Sadly, this is not the case for kangaroos who have only one baby a year, most of which are taken by dogs, dingoes and foxes.

A release under Freedom of Information has revealed the government’s use of a professional butcher during this year’s annual kangaroo slaughter. This has fuelled long-standing rumours that the government is making money from its alleged “conservation cull”. It is hard to imagine what could be done with 3400 poison baits, other than sell them to other landholders.

A commercial motive would certainly explain why the government is undertaking the kangaroo slaughter. 

The “conservation cull” excuse was debunked in 2017 when an earlier release under Freedom of Information included a critical report by CSIRO. 

The CSIRO’s analysis of the ACT government’s own data showed: that vegetation on all Canberra Nature Park reserves where kangaroos were present was richer and more diverse than where no kangaroos were present; that this richness and diversity did not decline where a higher density of kangaroos was present; and that no more than three kangaroos per hectare were present on any reserve where data was collected.

Frankie Seymour, Queanbeyan

We’re living in a state of emergency

A STATE of emergency exists in the ACT. Can you really conclude otherwise after reading Jon Stanhope and Khalid Ahmed’s brilliant assessments of the billions of dollars’ debt being imposed upon us which will become generational, written so well for readers of “CityNews”. 

The excellent letter “Sunk by Canberra’s Titanic debt” by Tim Walshaw (CN September 28) adds further weight to this “Yes Minister” nightmare. Andrew Barr and his government no longer have the confidence of the citizens of the ACT and must defend themselves by going to the polls on economic management and any other issues they feel relevant. Opposition members need to answer for allowing this to occur when they are supposed to be our failsafe gatekeeper.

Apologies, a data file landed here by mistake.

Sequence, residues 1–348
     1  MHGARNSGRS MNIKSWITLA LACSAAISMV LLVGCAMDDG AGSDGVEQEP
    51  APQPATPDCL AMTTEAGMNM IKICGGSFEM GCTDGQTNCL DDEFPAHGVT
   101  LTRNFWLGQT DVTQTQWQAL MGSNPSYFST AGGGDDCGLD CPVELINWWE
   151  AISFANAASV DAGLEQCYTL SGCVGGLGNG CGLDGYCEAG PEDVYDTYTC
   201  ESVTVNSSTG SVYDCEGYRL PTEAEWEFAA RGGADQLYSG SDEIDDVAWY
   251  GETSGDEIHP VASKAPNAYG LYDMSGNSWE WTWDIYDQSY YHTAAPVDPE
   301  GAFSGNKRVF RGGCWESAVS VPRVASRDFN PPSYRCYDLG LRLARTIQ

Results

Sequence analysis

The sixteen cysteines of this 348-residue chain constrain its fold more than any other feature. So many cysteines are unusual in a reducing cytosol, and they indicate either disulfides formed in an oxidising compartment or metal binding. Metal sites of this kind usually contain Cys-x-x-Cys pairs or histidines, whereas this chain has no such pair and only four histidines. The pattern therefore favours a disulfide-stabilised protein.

The Legislative Assembly of the ACT has become questionable and needs to immediately face the voters before we terminally crash.

 John Lawrence via email

The answer every male over 50 needs to know

THERE has been a major breakthrough in the accurate diagnosis of prostate cancer.

It is now possible to diagnose prostate cancer from a simple blood test with 94 per cent accuracy. This is a major advance and brings the diagnosis of prostate cancer out of the ’50s and into the 21st century.

Previously, the diagnosis of prostate cancer has been hit and miss and unreliable. The PSA (prostatic surface antigen) test can give false negatives and false positives. Meaning it can miss a cancer that’s there or can say there is a cancer when there isn’t. Accuracy of the PSA is guestimated to be about 30 per cent or less. 

Various combinations of blood tests, manual examination and MRI have been tried to accurately diagnose prostate cancer, but none have been very impressive.

The treatments include wait and see, have a repeat blood test, surgery or irradiation. Some men opt to have the prostate removed rather than take the risk of it having cancer. One in eight men will get prostate cancer.

In Oxford in 2007 a group of scientists collaborated on advances in genomics and subsequently raised more than 50 million pounds, and produced the first reliable 3D denomics test for prostate cancer. 

It is a game changer. When will it be available in Australia? Who knows. That’s the answer every male over 50 needs to know… now.

Paul Crowhurst, Hawker

 

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2 Responses to Government scours streets for parking fines

Palmerston's Hillside says: 10 October 2023 at 7:33 am

In a surprising twist, the benefits of last year’s green summer have increased the populations of a number of species on Percival Hill. Not only have the number of Eastern Brown snake encounters reached daily sightings, the rabbits have made a noticeable return following the winter culling.

It is the kangaroo numbers that make for the most interesting of studies. In a typical boom/bust reproductive pattern, mothers are now splitting from the main mobs with two companion joeys and a big joey in the pouch. One would suggest there is an embryo present as well waiting on the space to become vacant.

Reply
Curious Canberran says: 10 October 2023 at 2:00 pm

As I understand it, the ban of e-scooters in Paris is only in relation to rentals.
This is a ban on companies that rent to tourists.
It is not a ban on privately owned e-scooters.

Reply